The use of fibrates in the treatment of dyslipidaemia has changed significantly over recent years. Their role appeared clear at the start of this century. The Helsinki Heart Study and Veterans Affairs High-Density Cholesterol Intervention Trial suggested significant benefit, especially in patients with atherogenic dyslipidaemia. However, this clarity disintegrated following the negative outcomes reported by the Bezafibrate Infarction Prevention, Fenofibrate Intervention and Event Lowering in Diabetes and Action to Control Cardiovascular Risk in Diabetes randomised controlled trials. In this review we discuss these and other relevant trials and consider patient subgroups such as those with the metabolic syndrome and those needing treatment to prevent the microvascular complications associated with diabetes in whom fibrates may be useful. We also discuss observations from our group that may provide some explanation for the varying outcomes reported in large trials. The actions of fibrates in patients who are also on statins are interesting and appear to differ from those in patients not on statins. Understanding this is key as statins are the primary lipid lowering agents and likely to occupy that position for the foreseeable future. We also present other features of fibrate treatment we have observed in our clinical practice; changes in creatinine, liver function tests and the paradoxical high density lipoprotein reduction. Our purpose is to provide enough data for the reader to make objective decisions in their own clinical practice regarding fibrate use.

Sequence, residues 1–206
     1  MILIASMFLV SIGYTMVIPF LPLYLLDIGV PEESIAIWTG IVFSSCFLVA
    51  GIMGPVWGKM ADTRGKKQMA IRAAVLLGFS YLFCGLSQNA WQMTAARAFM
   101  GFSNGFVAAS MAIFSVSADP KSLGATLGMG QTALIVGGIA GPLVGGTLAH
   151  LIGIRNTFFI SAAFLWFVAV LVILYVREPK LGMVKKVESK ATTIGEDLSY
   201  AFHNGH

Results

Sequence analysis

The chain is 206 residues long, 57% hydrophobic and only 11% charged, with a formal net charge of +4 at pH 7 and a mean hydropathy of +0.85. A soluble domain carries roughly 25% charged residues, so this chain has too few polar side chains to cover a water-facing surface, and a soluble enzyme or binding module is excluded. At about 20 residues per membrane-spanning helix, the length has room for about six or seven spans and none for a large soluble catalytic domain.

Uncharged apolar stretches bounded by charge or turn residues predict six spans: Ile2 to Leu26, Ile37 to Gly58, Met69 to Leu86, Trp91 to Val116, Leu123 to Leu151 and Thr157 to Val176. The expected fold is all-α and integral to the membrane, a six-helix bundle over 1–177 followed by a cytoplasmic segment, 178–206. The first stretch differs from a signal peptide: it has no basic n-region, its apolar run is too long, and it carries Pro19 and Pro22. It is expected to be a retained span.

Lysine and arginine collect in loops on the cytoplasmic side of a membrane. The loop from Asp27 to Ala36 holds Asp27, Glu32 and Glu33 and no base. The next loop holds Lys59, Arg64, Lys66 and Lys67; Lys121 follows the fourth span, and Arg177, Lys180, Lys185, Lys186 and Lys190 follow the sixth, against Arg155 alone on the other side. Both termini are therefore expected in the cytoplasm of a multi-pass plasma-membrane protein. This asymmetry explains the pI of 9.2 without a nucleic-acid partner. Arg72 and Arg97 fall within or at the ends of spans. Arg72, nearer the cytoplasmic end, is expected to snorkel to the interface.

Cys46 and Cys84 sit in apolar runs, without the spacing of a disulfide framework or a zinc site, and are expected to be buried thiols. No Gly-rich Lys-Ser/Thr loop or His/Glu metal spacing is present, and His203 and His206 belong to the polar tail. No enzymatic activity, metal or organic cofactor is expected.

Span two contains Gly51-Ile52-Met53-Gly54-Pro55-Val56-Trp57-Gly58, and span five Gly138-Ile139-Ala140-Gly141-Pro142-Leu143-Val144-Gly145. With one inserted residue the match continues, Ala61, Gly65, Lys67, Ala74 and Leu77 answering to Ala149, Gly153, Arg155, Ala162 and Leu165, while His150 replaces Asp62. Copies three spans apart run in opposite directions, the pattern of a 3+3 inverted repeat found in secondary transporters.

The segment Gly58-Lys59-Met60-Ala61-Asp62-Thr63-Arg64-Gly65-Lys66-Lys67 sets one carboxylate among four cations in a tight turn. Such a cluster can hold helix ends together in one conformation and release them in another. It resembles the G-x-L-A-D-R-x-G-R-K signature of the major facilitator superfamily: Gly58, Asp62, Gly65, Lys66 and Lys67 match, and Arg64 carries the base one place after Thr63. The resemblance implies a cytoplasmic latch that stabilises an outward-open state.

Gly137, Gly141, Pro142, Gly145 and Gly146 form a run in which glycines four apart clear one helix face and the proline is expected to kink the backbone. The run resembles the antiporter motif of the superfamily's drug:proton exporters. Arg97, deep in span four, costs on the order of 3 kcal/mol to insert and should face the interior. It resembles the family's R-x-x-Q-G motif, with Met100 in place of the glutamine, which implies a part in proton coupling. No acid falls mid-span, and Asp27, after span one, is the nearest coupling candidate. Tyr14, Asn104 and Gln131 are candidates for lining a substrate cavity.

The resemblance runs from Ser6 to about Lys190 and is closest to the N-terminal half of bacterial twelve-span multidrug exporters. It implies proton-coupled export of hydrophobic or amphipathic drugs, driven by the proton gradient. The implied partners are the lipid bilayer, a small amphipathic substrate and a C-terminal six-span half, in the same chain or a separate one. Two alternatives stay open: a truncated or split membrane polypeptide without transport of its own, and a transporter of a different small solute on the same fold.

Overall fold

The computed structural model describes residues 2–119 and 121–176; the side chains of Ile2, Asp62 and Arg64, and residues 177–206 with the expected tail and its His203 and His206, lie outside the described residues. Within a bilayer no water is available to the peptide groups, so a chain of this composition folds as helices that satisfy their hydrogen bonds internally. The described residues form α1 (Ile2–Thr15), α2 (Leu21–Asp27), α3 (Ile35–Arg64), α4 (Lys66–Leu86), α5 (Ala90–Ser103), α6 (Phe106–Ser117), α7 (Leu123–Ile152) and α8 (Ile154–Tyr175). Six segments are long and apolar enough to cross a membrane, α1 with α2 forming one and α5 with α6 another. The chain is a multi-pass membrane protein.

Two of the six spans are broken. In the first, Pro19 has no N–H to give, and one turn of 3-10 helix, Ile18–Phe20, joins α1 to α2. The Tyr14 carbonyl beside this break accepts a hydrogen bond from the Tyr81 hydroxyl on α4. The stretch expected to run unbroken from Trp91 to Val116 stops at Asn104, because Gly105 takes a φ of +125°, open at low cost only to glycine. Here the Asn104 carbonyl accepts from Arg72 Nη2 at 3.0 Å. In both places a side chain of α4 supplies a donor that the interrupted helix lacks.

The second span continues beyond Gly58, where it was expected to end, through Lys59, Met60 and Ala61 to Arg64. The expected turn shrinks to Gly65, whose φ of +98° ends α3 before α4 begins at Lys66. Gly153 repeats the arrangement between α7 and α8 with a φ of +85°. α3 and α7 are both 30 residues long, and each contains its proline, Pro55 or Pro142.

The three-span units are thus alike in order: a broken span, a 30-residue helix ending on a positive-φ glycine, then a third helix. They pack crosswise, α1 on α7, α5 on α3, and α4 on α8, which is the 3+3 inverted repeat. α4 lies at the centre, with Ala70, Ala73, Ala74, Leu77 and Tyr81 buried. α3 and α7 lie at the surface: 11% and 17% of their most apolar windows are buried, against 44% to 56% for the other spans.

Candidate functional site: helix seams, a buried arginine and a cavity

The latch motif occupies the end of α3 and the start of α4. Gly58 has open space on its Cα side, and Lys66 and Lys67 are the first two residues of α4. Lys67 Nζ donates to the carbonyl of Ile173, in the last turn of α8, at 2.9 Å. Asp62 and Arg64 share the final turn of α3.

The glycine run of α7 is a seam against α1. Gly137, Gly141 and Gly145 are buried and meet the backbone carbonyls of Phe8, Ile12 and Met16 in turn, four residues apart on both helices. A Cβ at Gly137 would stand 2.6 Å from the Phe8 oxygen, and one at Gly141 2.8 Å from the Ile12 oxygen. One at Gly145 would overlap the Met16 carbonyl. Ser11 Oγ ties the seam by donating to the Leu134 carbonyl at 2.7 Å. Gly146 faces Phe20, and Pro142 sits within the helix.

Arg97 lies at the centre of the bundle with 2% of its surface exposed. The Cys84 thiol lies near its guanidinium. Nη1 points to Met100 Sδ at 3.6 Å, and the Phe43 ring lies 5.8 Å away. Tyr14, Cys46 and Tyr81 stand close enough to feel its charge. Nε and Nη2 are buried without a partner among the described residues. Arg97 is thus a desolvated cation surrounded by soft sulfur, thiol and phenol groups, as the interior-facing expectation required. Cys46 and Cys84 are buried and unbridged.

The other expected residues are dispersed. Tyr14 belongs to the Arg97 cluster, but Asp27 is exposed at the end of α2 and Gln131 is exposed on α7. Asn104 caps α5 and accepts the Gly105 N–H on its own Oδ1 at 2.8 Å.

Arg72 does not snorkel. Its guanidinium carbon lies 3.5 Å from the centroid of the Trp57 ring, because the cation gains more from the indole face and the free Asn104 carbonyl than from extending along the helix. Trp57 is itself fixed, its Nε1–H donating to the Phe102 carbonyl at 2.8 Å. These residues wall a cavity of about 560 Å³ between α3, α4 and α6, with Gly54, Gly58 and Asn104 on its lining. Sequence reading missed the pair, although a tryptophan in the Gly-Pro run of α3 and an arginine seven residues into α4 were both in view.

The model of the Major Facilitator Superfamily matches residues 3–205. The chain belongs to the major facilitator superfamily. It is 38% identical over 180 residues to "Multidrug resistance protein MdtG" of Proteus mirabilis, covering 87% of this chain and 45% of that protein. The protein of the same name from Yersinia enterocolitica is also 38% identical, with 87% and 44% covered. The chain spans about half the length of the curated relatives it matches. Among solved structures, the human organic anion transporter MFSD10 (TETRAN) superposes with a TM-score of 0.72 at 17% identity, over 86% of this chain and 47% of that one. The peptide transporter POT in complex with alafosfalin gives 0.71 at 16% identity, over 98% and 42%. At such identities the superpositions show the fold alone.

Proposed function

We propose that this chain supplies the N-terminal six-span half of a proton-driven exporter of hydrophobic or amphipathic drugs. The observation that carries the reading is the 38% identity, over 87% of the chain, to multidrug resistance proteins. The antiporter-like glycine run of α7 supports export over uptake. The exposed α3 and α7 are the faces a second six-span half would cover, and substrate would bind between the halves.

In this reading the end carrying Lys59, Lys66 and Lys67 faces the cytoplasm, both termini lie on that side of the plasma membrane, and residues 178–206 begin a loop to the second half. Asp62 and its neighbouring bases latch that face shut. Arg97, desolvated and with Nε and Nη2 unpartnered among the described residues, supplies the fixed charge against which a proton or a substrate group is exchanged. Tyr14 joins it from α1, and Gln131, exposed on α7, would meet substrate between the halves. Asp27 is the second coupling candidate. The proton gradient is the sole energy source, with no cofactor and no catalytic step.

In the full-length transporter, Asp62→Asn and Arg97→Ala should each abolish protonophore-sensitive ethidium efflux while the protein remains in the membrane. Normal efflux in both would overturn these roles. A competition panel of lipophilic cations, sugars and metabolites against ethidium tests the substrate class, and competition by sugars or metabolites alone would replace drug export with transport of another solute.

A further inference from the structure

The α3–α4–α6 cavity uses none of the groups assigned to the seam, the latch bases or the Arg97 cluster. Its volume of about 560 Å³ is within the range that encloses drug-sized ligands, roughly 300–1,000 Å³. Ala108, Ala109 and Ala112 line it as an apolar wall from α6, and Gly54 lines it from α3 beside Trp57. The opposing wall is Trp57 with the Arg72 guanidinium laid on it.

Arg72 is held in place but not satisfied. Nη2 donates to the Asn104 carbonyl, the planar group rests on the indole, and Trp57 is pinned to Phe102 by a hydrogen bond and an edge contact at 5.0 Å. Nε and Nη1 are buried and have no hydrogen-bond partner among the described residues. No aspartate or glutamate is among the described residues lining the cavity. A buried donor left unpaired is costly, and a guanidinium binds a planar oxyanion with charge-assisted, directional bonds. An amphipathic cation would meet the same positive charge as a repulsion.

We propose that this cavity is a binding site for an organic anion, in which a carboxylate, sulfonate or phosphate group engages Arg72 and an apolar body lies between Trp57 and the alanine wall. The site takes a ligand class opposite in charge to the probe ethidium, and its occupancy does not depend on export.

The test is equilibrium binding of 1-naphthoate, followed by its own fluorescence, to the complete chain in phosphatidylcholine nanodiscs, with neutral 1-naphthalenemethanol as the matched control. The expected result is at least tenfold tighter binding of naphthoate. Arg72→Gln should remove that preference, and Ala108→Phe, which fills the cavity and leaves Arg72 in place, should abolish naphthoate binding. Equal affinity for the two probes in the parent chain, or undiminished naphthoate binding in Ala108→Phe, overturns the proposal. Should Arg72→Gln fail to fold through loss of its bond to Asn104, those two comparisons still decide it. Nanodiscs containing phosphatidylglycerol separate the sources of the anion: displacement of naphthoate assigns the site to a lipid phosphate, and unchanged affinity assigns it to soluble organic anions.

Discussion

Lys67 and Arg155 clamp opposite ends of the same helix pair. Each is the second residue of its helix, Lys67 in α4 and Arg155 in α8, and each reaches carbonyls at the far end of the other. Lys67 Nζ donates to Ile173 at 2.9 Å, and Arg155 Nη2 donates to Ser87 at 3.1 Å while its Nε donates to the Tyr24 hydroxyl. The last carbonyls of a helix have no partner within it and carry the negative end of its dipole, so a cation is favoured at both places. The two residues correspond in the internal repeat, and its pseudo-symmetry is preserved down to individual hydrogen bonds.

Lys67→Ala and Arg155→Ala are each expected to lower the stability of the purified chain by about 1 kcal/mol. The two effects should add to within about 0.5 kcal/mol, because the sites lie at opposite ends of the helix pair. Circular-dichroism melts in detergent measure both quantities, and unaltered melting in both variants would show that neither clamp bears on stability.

Keywords: Cardiovascular disease; Fibrates; High density lipoprotein cholesterol; Metabolic syndrome; Paradoxical high density lipoprotein cholesterol decrease; Peroxisome proliferator-activated receptor; Randomised control trial; Triglycerides.